BEIJING: China’s annual consumer inflation fell to a 30-month low in July, suggesting the central bank has scope to ease monetary policy further after rate cuts in June and July to keep China’s economy on track to meet an official 2012 growth target of 7.5%.
The consumer price index rose 1.8% last month compared with a 2.2% rise in June, official data released today showed, a big pullback from a three-year high last July of 6.5%. Economists polled by Reuters had forecast inflation to ease to 1.7% in July.
“This number gives more room for policy easing,” said Zhang Zhiwei, chief China economist at Nomura in Hong Kong.
“It is now pretty clear that CPI will likely be below the official 4% target for the year, so the policy focus for the government can stay clearly on growth.”
Industrial output and fixed-asset investment data, due for release later today, were expected to show signs of a pick-up in activity, indicating that the economy is starting to stabilise after sliding for six straight quarters.
Still, any economic improvement will be fragile as the euro zone debt crisis and a sluggish US recovery keep global growth at a low ebb, the main factor that pushed China’s new export orders in July into their steepest fall in eight months.
“The recovery will be very modest – more like stabilisation and gradual improvement,” said Yiping Huang, chief economist for emerging Asia at Barclays Capital in Hong Kong, speaking before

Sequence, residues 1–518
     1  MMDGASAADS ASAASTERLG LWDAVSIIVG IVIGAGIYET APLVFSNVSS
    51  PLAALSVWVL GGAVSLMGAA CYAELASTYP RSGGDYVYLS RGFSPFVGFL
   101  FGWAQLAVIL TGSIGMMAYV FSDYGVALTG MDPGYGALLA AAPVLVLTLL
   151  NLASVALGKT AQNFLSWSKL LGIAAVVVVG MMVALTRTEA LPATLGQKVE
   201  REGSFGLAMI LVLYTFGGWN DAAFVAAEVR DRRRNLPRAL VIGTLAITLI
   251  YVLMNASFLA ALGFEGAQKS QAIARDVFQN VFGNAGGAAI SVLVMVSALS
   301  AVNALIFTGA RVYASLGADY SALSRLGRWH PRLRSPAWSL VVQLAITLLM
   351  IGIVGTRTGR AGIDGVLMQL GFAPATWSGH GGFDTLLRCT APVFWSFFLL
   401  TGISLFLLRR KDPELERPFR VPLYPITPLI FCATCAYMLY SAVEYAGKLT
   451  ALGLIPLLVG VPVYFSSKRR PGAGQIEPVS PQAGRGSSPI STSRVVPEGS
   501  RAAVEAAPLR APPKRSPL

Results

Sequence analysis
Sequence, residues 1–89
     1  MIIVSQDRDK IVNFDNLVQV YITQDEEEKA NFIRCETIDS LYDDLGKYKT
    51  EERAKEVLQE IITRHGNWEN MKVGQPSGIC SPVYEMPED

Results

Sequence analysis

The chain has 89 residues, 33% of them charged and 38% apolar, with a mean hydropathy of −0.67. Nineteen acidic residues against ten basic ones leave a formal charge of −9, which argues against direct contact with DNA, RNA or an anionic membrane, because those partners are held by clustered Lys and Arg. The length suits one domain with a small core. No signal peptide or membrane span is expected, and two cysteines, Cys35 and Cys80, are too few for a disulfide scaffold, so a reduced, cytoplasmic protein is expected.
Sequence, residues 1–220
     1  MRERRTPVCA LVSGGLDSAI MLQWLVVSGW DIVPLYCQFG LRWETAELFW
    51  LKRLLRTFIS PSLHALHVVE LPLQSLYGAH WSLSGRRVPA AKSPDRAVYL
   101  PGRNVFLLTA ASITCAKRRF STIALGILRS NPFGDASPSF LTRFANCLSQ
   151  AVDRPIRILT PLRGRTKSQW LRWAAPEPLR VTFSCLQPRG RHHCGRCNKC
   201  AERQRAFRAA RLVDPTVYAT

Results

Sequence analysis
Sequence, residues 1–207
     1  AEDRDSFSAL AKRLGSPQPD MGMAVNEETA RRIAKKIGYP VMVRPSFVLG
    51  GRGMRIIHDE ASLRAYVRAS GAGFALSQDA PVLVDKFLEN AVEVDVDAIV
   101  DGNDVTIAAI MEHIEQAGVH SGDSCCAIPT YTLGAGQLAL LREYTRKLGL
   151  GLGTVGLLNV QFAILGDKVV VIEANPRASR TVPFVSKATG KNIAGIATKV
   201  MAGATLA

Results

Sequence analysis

today’s data releases.
“Some further policy actions are needed to ensure gradual recovery of growth – we start to see some improvements that really need to be consolidated and supported.”
Falling producer prices
The central bank said in a report last week consumer inflation might rebound after August due to seasonal factors and the rising cost of labour and resources.
Still, there is little sign of inflationary pressures coming from factories. July’s data showed that producer prices fell in July by 2.9% from a year earlier, a sharper decline than the 2.5% forecast and the steepest fall since October 2009.
It marked a fifth straight month of falling producer prices, reflecting the pressures eating into corporate earnings and capping capital spending.
China’s industrial output growth is forecast to pick up to a four-month high of 9.8% year-on-year in July from 9.5% in June, a Reuters poll showed.
Annual growth in fixed-asset investment, in the likes of real estate, roads and bridges, is seen nudging up in January-to-July to 20.5% from January-to-June’s 20.4%, as the government seeks to spur infrastructure investment.
Growth of retail sales, the biggest driver of the economy’s expansion in the first quarter, is seen steady though at 13.7%.
Economic growth has been sliding since the beginning of 2011, reaching 7.6% in the second quarter, the weakest pace since the global financial crisis.
Analysts see a pick-up in the third quarter to 7.9% and full-year growth of 8%, above the official target.
President Hu Jintao and Premier Wen Jiabao have promised to step up policy “fine tuning” in the second half of the year to support the economy.
Apart from cutting rates, Beijing has cut banks’ reserve requirements to free up an estimated 1.2 trillion yuan for lending (US$191 billion) in a series of moves since November 2011.
It has tweaked taxes and promised to fast-track key government-backed projects. Wen said boosting investment is key to stabilising growth, setting the stage for local officials to roll out ambitious projects.